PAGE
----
HAVANA -- In an unprecedented challenge to Fidel Castro's 43-year-old rule, activists delivered more than 11,020 signatures to the National Assembly on Friday, demanding a referendum for broad changes in Cuba's socialist system less than two days before a visit by former President Carter.
Known as Project Varela, the signature-gathering campaign is seen as the biggest homegrown, nonviolent effort in more than four decades to push for reforms in Cuba's one-party system.
The petitions propose a referendum asking voters if they favor civil liberties like freedom of speech and assembly, and amnesty for political prisoners.
"In Cuba, change for all rights will only be achieved if the majority of Cubans decide to conquer them peacefully," campaign coordinator Oswaldo Paya said.
The delivery of the petitions appeared timed with the visit by Carter, who arrives Sunday for a five-day visit at Castro's invitation.
Carter, who historically has been an advocate for human rights and democracy, has been pressured by the White House and the Cuban exile community to press those themes during his trip.
Specifically, the State Department is asking him to tell Castro it is time for a rapid, peaceful transition to democracy.
The former president also should urge Cuban officials respect their people's freedoms of speech, assembly and choice of leaders, department spokesman Richard Boucher said Friday.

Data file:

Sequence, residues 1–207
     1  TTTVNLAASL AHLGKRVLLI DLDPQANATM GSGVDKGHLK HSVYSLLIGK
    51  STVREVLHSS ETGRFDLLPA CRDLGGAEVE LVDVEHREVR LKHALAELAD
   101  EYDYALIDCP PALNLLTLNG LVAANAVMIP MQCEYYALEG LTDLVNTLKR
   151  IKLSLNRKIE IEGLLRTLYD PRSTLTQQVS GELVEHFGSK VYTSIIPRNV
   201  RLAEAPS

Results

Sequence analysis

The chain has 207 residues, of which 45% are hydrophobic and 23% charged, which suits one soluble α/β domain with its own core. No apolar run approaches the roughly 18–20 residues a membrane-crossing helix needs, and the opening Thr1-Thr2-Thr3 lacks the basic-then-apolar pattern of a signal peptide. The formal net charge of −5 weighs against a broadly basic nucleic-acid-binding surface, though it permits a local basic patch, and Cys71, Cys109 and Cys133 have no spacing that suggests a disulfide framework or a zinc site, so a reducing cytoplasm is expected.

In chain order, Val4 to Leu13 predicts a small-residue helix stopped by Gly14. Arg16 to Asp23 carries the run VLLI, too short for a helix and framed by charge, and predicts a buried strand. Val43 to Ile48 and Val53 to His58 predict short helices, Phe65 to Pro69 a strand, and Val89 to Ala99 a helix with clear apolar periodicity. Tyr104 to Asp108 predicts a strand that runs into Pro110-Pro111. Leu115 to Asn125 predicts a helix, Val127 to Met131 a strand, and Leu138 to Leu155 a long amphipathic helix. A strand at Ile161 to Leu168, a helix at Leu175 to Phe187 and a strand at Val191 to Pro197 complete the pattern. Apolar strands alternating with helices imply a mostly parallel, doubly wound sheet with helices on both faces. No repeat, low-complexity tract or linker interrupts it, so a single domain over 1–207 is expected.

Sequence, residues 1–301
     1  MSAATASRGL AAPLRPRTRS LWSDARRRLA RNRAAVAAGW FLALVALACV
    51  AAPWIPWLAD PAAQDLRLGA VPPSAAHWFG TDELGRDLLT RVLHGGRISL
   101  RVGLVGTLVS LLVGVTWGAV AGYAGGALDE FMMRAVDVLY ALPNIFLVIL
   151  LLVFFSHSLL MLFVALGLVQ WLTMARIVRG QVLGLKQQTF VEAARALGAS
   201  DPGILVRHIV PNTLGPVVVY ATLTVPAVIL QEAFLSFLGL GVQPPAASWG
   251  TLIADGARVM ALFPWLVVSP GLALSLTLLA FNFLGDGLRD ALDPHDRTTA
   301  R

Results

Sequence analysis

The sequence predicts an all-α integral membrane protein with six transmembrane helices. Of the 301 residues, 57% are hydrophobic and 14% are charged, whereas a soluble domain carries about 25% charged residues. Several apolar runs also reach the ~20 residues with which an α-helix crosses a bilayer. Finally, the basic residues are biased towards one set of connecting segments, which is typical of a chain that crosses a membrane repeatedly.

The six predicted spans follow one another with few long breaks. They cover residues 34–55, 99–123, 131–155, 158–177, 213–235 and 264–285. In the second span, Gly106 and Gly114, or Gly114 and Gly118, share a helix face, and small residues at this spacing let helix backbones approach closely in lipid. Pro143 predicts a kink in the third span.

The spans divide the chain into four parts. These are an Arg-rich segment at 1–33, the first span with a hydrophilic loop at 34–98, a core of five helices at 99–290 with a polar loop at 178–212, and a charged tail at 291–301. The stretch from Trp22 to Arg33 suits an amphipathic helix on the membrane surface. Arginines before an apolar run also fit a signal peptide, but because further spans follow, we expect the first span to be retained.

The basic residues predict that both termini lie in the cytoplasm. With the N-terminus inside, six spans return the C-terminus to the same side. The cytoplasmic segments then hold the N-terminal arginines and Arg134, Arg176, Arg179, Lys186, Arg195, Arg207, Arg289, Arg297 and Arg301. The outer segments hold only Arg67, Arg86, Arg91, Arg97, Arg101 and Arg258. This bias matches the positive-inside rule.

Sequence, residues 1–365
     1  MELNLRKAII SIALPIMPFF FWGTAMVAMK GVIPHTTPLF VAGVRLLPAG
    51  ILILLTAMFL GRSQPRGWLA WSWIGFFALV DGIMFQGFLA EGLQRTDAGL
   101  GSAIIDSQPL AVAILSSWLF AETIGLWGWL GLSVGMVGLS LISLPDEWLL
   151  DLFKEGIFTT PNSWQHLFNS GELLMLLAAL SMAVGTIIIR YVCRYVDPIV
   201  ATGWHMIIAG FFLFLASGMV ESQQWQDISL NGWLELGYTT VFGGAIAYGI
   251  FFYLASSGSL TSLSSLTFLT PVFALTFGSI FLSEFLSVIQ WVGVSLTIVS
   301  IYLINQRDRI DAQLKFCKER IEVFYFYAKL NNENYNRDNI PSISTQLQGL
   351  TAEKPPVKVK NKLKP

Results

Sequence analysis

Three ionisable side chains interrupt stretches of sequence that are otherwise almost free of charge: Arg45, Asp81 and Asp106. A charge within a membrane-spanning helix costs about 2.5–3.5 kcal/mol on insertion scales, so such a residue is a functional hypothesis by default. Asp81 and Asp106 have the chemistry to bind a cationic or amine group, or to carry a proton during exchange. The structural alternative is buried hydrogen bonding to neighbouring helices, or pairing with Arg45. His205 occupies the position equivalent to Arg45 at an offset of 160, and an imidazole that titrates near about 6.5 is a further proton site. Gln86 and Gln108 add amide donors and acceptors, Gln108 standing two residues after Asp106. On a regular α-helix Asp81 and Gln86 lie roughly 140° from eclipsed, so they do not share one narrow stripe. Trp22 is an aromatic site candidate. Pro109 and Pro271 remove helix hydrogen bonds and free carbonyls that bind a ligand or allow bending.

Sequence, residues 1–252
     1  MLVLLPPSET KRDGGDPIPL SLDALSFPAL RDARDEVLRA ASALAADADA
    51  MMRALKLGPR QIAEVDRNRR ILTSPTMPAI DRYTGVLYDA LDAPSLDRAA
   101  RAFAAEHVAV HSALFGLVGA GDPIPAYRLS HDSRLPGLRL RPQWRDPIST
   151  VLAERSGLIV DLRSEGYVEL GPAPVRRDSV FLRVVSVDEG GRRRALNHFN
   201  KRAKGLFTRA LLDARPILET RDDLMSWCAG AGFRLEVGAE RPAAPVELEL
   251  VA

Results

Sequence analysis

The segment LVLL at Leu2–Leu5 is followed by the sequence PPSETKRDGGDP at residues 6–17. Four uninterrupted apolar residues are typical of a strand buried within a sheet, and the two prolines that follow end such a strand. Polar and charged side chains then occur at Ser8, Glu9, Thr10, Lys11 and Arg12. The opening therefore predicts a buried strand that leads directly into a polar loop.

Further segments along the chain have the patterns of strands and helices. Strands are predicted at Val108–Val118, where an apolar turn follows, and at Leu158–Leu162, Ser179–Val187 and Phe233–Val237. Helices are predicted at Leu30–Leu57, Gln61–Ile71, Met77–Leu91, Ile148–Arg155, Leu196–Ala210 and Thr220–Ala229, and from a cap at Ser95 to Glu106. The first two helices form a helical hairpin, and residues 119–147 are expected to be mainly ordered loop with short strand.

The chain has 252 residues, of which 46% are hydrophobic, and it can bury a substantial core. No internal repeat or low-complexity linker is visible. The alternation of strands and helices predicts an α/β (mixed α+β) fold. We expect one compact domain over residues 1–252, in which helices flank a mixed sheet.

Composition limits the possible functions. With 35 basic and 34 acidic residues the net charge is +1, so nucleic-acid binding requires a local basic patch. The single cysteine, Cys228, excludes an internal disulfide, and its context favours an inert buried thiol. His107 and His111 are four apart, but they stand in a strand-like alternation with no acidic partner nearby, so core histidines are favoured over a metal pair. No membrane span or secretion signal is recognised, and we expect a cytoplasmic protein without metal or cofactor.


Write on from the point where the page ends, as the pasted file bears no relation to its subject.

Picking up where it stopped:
Carter plans to meet with Cuban activists to discuss human rights and religious matters next Thursday, his staff has said. He also may meet with petition organizers.
"The Varela Project is the most important issue former President Jimmy Carter can possibly deal with on his trip to Cuba this week," said Jorge Mas Santos, chairman of the Cuban American National Foundation, a powerful Miami-based lobbying group.
'The culture of fear'
One of Cuba's best-known veteran activists said the campaign wouldn't necessarily spell the end of Castro.
"Project Varela does not say that the government should go, but rather that it make some modernizing changes," said Elizardo Sanchez, who also coordinated the petition campaign. "The important thing about Project Varela is the mobilization of Cuban society ... the rupture of the culture of fear."
"The heroes are these Cubans, more than 20,000 who signed this demand for an opening in a written declaration," said Paya. He said that of the 20,000 signatures activists gathered in recent months, volunteers verified 11,020 -- those that were delivered.
Paya and two other men showed up Friday morning outside the offices of the National Assembly with two white boxes labeled "Citizen Petition."
Two uniformed guards let them inside, where they stayed just seven minutes before delivering the petitions.
Cuba's constitution says the National Assembly should schedule a national referendum if it receives the verified signatures of 10,000 voters.
There was no immediate response from Castro's government.
Named for Felix Varela, Cuban independence hero and Roman Catholic priest, the signature drive was discussed by activists here as early 1996. But it wasn't until the last year that volunteers begin collecting signatures in earnest.
Castro was scheduled to speak live on state television Friday night to respond to U.S. charges that it is trying to develop biological weapons for transfer to countries hostile to the United States.